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Parasitology. 2012 Dec;139(14):1966-74. doi: 10.1017/S0031182012000662. Epub 2012 May 1.

Phylogeography helps with investigating the building of human parasite communities.

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Institut des Sciences de l'Evolution, UMR 5554 CNRS-IRD-UM2, CC65, Université de Montpellier 2, F-34095 Montpellier, France.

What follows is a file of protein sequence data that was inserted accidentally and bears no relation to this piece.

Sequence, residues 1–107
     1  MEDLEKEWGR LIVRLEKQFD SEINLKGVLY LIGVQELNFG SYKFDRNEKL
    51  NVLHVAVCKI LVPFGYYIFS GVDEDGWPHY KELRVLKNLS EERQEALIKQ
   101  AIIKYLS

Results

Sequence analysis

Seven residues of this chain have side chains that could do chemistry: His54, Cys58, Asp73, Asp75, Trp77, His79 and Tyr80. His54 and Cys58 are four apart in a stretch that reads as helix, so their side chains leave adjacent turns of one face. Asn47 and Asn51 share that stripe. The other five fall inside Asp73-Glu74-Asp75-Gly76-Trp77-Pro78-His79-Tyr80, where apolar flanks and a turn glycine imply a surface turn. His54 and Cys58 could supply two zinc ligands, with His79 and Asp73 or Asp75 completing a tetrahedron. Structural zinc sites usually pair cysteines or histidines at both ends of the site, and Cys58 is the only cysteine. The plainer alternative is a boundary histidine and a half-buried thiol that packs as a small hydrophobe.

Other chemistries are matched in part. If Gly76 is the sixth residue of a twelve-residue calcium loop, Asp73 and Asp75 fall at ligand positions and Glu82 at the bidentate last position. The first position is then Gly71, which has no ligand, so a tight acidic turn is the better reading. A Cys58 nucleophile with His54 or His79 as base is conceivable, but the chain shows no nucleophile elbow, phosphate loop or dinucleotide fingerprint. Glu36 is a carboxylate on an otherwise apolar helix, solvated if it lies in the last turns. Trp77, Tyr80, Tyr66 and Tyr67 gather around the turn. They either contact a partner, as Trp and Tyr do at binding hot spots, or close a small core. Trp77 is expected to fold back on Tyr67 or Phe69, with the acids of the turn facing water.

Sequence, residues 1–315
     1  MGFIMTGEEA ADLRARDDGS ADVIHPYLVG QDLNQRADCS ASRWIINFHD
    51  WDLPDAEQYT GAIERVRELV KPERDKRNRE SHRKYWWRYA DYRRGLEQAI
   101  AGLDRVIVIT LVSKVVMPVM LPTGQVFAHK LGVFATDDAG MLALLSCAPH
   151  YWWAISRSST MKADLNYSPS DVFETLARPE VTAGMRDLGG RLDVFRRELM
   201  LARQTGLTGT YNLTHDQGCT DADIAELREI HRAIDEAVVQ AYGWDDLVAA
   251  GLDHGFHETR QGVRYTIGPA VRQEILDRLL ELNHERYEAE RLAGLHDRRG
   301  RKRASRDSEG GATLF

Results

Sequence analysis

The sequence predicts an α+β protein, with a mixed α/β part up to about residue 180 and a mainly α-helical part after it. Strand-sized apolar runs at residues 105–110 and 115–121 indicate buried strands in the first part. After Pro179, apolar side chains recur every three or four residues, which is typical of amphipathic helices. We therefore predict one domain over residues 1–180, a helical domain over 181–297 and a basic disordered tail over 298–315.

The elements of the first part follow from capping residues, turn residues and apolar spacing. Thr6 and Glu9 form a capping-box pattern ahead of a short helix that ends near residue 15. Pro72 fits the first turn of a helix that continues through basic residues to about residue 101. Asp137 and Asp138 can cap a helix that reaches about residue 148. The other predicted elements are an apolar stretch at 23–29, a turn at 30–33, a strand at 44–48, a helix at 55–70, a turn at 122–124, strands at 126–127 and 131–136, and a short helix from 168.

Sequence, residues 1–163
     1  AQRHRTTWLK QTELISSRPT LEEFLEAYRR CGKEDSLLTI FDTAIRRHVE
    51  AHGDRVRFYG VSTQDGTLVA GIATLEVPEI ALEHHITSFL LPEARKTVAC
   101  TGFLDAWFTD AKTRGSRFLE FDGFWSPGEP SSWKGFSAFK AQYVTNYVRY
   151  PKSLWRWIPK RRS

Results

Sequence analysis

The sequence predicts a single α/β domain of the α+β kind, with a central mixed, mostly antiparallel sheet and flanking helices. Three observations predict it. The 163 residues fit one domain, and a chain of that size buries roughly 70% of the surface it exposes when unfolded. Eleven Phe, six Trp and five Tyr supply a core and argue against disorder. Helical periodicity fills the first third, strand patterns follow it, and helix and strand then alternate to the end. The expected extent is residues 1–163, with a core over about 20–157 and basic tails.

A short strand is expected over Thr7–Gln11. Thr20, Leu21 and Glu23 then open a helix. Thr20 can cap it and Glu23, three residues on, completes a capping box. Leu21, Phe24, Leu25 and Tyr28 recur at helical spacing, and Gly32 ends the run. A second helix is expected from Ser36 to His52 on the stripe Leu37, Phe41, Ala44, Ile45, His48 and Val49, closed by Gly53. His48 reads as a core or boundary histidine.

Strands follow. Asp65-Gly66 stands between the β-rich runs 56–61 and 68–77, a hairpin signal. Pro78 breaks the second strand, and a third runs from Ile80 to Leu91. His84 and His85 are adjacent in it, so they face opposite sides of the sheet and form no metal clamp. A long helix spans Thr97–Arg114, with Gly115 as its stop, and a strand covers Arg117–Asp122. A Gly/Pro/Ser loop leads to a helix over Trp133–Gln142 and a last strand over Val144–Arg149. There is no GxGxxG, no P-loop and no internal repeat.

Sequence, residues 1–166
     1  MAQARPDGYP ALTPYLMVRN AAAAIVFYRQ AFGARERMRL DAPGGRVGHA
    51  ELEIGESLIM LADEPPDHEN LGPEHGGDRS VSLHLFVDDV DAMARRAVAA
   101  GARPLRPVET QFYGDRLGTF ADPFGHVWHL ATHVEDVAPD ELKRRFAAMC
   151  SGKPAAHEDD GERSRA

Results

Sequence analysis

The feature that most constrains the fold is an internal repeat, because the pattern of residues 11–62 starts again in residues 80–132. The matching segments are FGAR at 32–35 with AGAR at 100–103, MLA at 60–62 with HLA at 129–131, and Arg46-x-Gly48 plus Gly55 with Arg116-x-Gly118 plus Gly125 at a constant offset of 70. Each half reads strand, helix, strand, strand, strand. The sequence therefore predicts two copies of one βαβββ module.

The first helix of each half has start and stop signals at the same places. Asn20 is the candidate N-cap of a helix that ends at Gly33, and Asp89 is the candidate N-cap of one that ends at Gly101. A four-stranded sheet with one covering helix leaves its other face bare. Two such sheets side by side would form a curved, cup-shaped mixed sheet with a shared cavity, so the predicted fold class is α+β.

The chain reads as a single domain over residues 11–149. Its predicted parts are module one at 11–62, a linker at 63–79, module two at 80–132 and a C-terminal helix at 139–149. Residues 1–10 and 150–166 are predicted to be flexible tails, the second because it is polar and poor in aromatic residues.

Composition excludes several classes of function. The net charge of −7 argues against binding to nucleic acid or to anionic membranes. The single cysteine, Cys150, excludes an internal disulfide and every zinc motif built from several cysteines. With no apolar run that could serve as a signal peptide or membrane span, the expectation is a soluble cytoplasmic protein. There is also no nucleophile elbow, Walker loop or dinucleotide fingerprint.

Phylogeography of parasites and microbes is a recent field. Phylogeographic studies have been performed mostly to test three major hypotheses that are not mutually exclusive on the origins and distributions of human parasites and microbes: (1) the "out of Africa" pattern where parasites are supposed to have followed the dispersal and expansion of modern humans in and out of Africa, (2) the "domestication" pattern where parasites were captured in the domestication centres and dispersed through them and (3) the "globalization" pattern, in relation to historical and more recent trade routes. With some exceptions, such studies of human protozoans, helminths and ectoparasites are quite limited. The conclusion emphasizes the need to acquire more phylogeographic data in non-Occidental countries, and particularly in Asia where all the animal domestications took place.

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